Sequence: BSI Campaign Vol. 1"
"...DJ Wicked's furious turntable
Review, Spin Magazine, 2/01
by Jeff Chang
and King Tubby may be gods, but out at the
cusp of the hip-hop and U.K. garage galaxies, new dub has been left
for dead. Fickle critics who spent the first half of the '90s catching
up to the music's pull on Alex Patterson and RZA, Tricky and Tortoise,
Beastie Boys and Basic Channel, are now pronouncing its exhaustion.
But dub isn't dead; it's just creeping. As critics frag '90s dub
into mnemonic shards -- "trip-hop" here, "ambient" there, how about
a little roots with your post-rock -- the genre's key artists kept
on twiddling. The fringe-dwellers on "Docking Sequence," an American
comp that culls tracks from the four corners of the dubwise globe,
make no apologies and offer no cultural logic for their relevance.
They just plug in and get lost.
Unlike new dub's much lauded 1995 manifesto, "Macro Dub Infection,
Volume One," this album doesn't till an imaginary meeting-ground
between Jamaican authenticity and Brit ingenuity. It simply raises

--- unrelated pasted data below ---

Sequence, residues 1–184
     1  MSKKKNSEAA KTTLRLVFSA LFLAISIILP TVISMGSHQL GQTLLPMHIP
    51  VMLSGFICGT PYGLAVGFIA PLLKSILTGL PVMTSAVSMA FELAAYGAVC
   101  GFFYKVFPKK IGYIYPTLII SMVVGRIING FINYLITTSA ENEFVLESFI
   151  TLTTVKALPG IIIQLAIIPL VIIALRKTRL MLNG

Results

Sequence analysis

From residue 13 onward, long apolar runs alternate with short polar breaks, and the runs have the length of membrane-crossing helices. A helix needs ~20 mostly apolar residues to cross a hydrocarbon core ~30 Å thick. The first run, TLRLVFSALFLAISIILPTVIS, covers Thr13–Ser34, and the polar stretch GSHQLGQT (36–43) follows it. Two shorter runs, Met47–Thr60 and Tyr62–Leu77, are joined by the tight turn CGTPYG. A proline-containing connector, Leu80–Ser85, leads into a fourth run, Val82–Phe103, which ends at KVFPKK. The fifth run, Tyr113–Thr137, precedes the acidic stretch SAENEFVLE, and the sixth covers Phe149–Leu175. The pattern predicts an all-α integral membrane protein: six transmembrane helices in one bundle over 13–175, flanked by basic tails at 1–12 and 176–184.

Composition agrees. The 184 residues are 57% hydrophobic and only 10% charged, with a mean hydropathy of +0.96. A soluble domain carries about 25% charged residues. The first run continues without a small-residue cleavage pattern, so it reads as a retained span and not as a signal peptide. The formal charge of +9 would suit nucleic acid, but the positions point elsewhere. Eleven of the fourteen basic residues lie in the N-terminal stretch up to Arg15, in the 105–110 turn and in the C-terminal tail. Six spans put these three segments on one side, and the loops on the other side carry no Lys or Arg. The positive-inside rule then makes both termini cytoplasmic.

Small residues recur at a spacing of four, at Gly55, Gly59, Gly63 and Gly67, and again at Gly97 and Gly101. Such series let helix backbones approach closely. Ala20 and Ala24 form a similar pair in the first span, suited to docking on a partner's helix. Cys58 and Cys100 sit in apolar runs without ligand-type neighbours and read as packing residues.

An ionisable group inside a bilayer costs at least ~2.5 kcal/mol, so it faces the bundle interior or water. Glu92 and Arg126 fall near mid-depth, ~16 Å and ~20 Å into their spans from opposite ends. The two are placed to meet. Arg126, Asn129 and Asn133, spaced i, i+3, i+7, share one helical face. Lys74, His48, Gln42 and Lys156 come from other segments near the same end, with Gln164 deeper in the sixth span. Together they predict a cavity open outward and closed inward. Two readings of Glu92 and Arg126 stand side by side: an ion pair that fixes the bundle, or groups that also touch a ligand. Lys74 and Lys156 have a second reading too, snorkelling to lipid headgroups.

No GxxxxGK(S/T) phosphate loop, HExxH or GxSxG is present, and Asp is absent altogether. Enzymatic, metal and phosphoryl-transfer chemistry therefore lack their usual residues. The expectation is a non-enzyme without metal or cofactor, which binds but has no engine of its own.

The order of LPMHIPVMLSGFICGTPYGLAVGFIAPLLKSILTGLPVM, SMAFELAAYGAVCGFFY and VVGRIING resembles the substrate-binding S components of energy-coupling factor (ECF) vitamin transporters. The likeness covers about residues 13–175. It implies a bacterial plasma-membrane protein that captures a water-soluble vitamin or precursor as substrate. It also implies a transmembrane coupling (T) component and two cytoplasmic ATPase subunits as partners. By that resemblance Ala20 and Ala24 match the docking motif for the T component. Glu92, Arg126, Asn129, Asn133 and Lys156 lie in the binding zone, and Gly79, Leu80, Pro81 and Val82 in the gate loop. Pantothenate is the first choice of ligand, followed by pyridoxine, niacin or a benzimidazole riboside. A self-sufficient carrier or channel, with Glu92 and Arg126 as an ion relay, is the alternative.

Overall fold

more bass-freighted, echo-laden questions. Is new dub Raz Mesinai's
strings of life or Jah Warrior's booming system faith? The "Judge
Dredd" stomp of Ben Wa's "Break That Stone" or the analog dust clouds
of Twilight Circus' "Depth Charge?" The worldy-wise qawwali muse
of Muslimgauze or DJ Spooky's deconstructed gangsta limp? Answer:
It's too soon to know.
If there is something definitive in the moment Docking Sequence
captures, it is that new dubheads have shed any ambient pretensions
and forgone lab-coated genre-engineering for roots funktionality
and applied riddim wisdom. It's a mission epitomized in New York
City/Portland, Oregon-based Sound Secretion's "Perpetual Next..."
As if to finally displace the Orb's Ultraworld influence, Sound
Secretion liquefies the old liquid towers of new dub to erect and
all-American monstrosity -- built of N.W.A. and KRS-One samples,
time-lapse ambients, DJ Wicked's furious
turntable cuts, and chest-pounding
kick drums. It's evidence that dub might be the sound-liberating
force hip-hop was becoming before it traded a sonic universe of
possibility for a sinkhole of earthly pleasures. Of such architecture,
new worlds will be built.